Norway is a country defined by large distances and challenging topography. Norwegian businesses are internationally focused and rely on aviation. Aviation is vital for homes, value creation, travel, the health system, education, sport and culture.
Two out of three Norwegians have access to an airport within one hour's travelling time. In Western Norway and Northern Norway, two out of three people can reach their nearest airport in half an hour. Aviation is vital for regional growth and for making regional centres accessible. It also plays a key role in Norway's decentralised education system. Aviation also plays a key role in Norway's health sector: more than 30,000 ambulance journeys are made by air every year. The hospital structure in Northern Norway is largely based on the frequency of air transport.
Aviation plays a key role in Norwegian tourism and is becoming increasingly important. The number of tourists who come to Norway by plane increased from 2.4 to 4.4 million visitors between 2011 and 2016. Aviation is particularly important for year-round tourism and the tourism industry in Northern Norway.
Avinor is implementing a range of measures to modernise and streamline its operations, to ensure that its aviation business continues to grow. Avinor Air Navigation Services implemented the Remote Towers solution at the Arcticc island of Røst on the 19th of October 2019 together with the technology providers Kongsberg Defence & Aerospace and Indra. The Remote Towers solution will be implemented at 15 airports in phase 1 of the project. The world’s largest Remote Towers Centre opened in Bodø, Norway in October 2020, and will be running six airports from the summer of 2021. In the event of a phase 2, it is expected that more of Avinor’s airports will be run from the Remote Towers Centre in Bodø.
The aim of this investment is to improve the quality and efficiency of airport operations. Many of the control towers in Norway are due for refurbishment or total replacement. Using remote towers will save some of these costs. In the future, it will also be possible for one person to control traffic at multiple airports from the same location. This is a tremendous opportunity to improve efficiency and reduce costs and will enable us to continue providing the excellent air traffic service currently enjoyed in Norway.
The Remote Towers Centre in Bodø. Photo: Avinor Flysikring AS.
A safe solution that you can trust
Any changes in the aviation industry are regulated by strict safety rules. Remote towers are required to provide a service which is at least as safe or is even safer than the present service.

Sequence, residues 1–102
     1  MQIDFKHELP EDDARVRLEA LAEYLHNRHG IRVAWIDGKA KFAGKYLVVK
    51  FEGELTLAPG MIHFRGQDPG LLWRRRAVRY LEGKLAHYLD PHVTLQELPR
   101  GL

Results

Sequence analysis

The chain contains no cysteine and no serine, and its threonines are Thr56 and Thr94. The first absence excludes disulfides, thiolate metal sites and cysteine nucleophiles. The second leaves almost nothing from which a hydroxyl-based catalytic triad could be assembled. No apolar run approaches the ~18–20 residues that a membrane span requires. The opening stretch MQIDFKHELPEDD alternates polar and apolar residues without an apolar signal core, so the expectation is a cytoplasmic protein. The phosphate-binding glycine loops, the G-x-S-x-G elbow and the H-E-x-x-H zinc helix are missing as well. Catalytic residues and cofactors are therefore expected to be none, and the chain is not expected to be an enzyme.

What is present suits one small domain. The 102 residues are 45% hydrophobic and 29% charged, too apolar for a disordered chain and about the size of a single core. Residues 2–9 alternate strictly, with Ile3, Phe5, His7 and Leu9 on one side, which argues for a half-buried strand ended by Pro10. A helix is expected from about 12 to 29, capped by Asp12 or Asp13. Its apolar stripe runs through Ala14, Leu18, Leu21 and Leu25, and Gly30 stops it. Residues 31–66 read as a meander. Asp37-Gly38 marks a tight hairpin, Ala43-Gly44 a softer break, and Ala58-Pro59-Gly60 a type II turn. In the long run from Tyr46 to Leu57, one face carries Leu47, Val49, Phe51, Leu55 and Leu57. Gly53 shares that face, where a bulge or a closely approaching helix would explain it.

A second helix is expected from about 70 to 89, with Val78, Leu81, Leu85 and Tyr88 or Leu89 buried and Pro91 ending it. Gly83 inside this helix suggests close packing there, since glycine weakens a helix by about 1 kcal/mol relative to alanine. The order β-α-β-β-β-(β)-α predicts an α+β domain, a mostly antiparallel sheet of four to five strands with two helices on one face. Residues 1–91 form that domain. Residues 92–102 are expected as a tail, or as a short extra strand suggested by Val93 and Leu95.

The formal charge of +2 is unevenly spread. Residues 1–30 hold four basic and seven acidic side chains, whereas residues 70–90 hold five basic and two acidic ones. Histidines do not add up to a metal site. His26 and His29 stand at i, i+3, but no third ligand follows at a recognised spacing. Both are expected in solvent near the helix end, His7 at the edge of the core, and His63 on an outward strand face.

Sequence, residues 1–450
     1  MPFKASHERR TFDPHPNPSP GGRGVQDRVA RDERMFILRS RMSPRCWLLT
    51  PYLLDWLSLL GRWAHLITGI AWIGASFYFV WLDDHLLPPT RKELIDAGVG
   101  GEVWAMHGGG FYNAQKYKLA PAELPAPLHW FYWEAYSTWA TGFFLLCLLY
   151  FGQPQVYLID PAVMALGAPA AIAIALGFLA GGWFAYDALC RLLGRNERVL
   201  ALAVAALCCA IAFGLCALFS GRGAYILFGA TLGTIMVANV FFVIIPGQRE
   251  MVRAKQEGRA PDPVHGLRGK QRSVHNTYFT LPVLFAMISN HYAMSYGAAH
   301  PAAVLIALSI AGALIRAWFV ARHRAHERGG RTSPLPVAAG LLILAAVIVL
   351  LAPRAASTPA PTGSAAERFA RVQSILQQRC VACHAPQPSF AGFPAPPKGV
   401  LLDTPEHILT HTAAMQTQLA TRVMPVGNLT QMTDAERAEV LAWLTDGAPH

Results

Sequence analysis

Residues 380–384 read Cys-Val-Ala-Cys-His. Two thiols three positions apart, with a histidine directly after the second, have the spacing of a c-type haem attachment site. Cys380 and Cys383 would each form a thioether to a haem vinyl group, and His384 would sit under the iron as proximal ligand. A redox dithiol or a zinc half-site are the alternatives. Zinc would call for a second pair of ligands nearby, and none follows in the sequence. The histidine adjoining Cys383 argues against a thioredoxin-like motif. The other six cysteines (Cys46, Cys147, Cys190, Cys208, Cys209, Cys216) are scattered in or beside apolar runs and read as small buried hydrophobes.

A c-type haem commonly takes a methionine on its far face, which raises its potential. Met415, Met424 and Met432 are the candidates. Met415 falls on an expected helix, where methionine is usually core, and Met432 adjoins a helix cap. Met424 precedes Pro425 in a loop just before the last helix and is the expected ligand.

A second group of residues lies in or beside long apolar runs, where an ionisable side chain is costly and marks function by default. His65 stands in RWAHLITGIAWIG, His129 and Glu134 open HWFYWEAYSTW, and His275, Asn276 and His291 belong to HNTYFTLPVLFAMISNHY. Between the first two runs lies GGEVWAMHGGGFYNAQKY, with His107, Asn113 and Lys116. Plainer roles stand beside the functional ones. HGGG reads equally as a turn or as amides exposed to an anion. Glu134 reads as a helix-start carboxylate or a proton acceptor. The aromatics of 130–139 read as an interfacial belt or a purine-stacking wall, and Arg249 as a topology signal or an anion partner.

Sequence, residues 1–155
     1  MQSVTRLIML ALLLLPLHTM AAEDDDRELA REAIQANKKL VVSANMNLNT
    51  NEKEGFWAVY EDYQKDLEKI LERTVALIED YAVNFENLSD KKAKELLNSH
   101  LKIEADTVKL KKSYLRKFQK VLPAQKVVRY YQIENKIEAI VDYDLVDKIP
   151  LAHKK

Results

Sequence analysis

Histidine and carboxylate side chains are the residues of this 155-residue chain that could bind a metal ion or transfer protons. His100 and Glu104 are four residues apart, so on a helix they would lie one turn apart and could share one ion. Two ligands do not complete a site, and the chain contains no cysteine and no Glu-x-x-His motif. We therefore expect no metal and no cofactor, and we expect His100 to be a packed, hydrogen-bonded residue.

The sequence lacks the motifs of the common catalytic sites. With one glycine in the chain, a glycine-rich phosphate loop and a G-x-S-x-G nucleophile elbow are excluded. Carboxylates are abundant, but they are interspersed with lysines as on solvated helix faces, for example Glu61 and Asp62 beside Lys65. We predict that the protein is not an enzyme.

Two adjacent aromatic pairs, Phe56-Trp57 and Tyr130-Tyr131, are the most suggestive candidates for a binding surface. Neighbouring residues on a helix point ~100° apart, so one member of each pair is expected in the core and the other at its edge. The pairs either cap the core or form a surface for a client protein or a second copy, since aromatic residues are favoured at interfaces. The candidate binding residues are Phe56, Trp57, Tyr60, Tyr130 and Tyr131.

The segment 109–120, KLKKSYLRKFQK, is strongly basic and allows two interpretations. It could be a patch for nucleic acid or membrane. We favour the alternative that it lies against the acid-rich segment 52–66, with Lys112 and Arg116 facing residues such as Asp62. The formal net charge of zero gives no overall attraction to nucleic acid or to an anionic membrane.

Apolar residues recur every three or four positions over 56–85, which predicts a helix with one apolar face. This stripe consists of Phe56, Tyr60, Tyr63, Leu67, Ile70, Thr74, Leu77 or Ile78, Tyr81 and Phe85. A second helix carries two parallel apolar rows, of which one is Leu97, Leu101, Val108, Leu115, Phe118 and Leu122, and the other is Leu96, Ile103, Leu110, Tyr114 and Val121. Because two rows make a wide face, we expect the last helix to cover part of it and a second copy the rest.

Avinor performs extensive safety analyses for every modification to systems or methods, in accordance with internal processes approved by the Civil Aviation Authority Norway. Before remote towers are introduced, their services must be accepted by the Civil Aviation Authority Norway and there must be documentation to demonstrate that they offer a level of safety that is equal to or better than traditional towers.
How remote towers work
A remote tower service means that the people who are conducting the towers services at airports (ATC/AFIS) are physically located in a remote tower centre, instead of from a conventional tower at an airport. Cameras, microphones and other equipment are installed at the airport. These tools provide extremely detailed information about weather and activities at the airport at all times.
As a passenger you will not notice that the airport has a remote tower, other than the fact that the airport is now equipped with a camera mast instead of a conventional tower. However, the staff who used to sit in the tower will now be located at the Remote Towers Centre in Bodø.
For the pilots flying the aircraft there are no practical differences in procedures. They will still talk to the tower personnel on the radio, as they do today.
A camera at the airport takes a 360° image of the airport, which contains more details than can be detected by the human eye. The cameras can zoom in on small details, show movements in images (e.g. birds or drones), and also have an infra-red setting which makes it possible to see in the dark.
Every airport is connected to the Remote Towers Centre via networks with redundancy. If one network should fail, the other can be used to connect to the tower centre. These networks are high grade networks used for aviation and involve the use of both fibre cables and radio transmissions.
The Remote Towers Centre in Bodø will operate tower services at several airports. It is manned by the same type of staff who used to sit in the individual towers across vast geographic distances. With large screens, they have a full overview of every movement and operation at an airport and can communicate directly with pilots and ground crew.
Implementation timeline for Remote Towers in Norway
- Røst - October 2019 (operational)
- Vardø - October 2020 (operational)
- Hasvik - November 2020 (operational)
- Berlevåg - November 2020 (operational)
- Mehamn – June 2022 (Operational)
- Røros – June 2022 (Operational)
- Rørvik – September 2022 (Operational)
- Namsos – September 2022 (Operational)
- Svolvær – January 2023 (Operational)
- Sogndal – February 2023 (Operational)
- Førde - February 2023 (Operational)
- Molde – Second half 2024 (Planned)
- Leknes – Second half 2024 (Planned)
- Sandnessjøen – Second half 2024 (Planned)